FIG. 20 is a sectional view of the adapter module of FIGS. 13 thru 17, with the section being taken along a vertical plane thru transverse passages with said module;
FIG. 21 is a center sectional view of the main power valve module of FIGS. 2 thru 7 with the section being taken along a vertical plane thru the center line of said module;
FIGS. 22 and 23 are off-set sectional views of the power valve module of FIGS. 2 thru 7, with the sections being taken along lines 22--22 and 23--23, respectively of FIG. 6;
FIG. 24 is a diagrammatic view of the directional control apparatus of FIG. 1;
FIG. 25 is a side elevational view of the control apparatus of FIG. 10.
Referring in detail to the drawings, a preferred embodiment of a three position four way directional control apparatus constructed in accordance with the present invention, is illustrated in FIGS. 1 through 24. For purposes of simplicity and clarity this embodiment will be described as a typical example with specific reference to the diagrammic fluid circuit shown in FIG. 24. The passages, orifices, plugs, and elements refered to herein are given corresponding reference numbers in FIGS. 1 through 23, which illustrate an assembly of the standardized modules of the present invention.
Two signal flow switching modules 3-A and 3-B include standard interfaces, standard ports and movable elements in the form of standard signal flow spools 7 and 8 which in turn include annular spool grooves 9, 10, 15 and 16. Spools 7 and 8 are biased by springs 11 and 12 to a deenergized position and actuated by solenoids 13 and 14 so as to make line connections through annular spool grooves 9 and 15 to achieve the desired signal flows to shift a shiftable power flow element or power spool 20 as later described.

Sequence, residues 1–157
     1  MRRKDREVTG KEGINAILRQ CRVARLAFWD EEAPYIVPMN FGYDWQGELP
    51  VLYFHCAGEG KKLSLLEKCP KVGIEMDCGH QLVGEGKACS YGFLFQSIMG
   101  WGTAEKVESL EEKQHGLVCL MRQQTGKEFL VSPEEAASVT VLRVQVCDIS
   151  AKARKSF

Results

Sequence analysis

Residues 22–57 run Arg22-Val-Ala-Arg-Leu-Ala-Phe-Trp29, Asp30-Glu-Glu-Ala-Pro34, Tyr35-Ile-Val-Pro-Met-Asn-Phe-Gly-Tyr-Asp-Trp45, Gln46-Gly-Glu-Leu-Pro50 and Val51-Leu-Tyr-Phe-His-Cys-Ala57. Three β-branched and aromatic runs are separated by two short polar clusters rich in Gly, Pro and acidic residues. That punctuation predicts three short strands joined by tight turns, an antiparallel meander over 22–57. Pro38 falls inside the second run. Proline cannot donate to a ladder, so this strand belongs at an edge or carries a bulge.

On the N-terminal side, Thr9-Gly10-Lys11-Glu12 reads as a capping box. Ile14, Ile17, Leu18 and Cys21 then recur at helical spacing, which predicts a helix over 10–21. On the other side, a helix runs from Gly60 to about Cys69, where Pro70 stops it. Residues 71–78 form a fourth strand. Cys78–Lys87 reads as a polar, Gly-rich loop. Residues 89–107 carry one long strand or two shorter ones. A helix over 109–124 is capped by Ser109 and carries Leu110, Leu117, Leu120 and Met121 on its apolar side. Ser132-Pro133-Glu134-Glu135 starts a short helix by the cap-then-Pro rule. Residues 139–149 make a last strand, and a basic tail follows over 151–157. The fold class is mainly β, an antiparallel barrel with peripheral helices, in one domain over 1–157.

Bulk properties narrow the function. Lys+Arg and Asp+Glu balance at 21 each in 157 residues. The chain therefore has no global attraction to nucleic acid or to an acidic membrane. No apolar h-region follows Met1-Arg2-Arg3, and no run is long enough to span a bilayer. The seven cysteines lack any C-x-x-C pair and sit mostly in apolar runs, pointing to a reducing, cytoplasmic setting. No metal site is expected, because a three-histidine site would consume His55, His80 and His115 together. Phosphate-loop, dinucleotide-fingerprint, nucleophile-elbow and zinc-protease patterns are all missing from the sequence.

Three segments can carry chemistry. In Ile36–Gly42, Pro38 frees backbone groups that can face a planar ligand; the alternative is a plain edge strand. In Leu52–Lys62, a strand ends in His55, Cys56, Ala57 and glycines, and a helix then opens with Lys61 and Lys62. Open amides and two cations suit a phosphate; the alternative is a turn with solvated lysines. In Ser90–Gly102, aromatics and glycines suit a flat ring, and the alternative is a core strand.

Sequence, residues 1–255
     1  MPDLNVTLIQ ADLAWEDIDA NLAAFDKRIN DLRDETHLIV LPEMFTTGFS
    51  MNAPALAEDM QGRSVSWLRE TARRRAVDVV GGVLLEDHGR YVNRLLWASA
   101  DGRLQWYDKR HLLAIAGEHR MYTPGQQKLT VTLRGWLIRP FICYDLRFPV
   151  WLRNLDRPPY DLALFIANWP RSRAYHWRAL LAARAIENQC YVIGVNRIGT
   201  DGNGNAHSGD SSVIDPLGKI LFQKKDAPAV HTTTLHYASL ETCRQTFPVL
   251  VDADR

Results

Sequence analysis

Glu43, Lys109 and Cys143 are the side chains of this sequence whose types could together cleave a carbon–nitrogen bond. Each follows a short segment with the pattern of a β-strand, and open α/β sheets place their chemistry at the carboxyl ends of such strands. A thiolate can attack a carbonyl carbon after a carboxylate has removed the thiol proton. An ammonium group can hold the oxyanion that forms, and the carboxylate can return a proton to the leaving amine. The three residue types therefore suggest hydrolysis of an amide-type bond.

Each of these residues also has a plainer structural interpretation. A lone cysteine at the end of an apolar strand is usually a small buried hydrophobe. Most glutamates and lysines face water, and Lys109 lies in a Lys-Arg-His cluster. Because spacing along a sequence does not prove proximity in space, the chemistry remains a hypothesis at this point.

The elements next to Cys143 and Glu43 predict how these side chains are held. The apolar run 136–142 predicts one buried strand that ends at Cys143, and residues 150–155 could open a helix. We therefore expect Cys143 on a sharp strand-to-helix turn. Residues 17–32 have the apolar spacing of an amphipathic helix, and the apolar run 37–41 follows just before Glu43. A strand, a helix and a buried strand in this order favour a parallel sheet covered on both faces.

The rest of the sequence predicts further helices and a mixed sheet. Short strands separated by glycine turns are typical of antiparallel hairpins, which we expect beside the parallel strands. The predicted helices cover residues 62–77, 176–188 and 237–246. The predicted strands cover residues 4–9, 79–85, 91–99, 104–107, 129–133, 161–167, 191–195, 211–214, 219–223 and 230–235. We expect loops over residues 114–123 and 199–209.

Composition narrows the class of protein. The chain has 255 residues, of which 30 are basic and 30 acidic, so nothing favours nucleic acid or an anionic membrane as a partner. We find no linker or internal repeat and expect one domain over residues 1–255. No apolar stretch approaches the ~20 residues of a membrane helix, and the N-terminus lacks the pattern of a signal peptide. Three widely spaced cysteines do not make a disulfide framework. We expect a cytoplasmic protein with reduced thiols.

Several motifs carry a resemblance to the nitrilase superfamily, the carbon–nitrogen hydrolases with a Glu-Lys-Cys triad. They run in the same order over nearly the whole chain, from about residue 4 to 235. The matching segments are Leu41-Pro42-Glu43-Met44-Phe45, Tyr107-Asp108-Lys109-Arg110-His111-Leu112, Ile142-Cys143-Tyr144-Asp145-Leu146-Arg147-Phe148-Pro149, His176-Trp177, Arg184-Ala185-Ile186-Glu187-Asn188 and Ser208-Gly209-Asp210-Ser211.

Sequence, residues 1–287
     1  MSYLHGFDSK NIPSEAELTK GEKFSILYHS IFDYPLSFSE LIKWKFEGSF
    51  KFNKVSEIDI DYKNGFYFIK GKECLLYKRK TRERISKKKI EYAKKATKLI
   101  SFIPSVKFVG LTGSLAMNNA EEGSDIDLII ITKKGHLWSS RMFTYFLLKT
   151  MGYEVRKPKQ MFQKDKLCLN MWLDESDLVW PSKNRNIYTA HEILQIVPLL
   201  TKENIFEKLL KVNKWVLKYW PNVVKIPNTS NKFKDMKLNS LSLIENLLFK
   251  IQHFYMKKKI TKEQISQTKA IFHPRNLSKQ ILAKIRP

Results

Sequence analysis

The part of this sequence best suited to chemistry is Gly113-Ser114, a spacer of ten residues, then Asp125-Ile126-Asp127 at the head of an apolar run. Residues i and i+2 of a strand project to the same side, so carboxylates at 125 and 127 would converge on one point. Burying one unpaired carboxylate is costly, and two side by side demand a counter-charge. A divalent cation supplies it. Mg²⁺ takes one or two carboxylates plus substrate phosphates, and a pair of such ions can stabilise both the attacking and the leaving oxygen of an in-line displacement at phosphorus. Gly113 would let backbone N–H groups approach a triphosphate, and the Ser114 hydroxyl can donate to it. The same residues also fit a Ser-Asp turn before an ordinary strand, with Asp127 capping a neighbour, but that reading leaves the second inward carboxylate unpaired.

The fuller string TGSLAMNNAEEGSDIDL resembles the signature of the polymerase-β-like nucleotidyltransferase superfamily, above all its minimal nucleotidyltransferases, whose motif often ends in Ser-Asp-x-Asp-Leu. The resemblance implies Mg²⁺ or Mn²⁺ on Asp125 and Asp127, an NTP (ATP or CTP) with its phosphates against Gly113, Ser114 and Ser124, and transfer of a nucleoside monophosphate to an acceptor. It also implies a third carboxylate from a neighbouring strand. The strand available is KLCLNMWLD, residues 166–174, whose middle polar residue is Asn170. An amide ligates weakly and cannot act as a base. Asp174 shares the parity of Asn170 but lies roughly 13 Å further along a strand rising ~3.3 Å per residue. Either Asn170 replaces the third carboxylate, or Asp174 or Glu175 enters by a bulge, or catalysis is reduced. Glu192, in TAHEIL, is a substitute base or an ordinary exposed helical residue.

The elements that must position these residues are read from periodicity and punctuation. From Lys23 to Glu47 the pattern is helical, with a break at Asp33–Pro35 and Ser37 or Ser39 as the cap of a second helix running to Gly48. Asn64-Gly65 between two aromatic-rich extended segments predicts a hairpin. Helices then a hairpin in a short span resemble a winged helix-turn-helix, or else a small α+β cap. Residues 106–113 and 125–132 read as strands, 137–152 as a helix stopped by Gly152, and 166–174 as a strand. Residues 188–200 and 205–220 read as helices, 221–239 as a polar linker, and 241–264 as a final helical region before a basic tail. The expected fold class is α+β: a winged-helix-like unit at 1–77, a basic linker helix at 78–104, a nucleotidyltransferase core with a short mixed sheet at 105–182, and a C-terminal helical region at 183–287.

Referring again to FIG. 24 output flow from a hydraulic pumping apparatus is delivered via line 2, annular passage 25 and line 58 and 138 to an annular passage 5 of a signal flow pressure limiting module indicated generally at 3. Signal flow at reduced pressure enters line 59 and continues to a signal flow switching module 3-A and then via line 4 to an annular groove 15 of signal flow switching module 3-B.
It should be mentioned that pressure limiting module 3 is not always required in the signal flow circuit, but when required, provides for a reduced signal flow pressure as compared to the power flow pressure.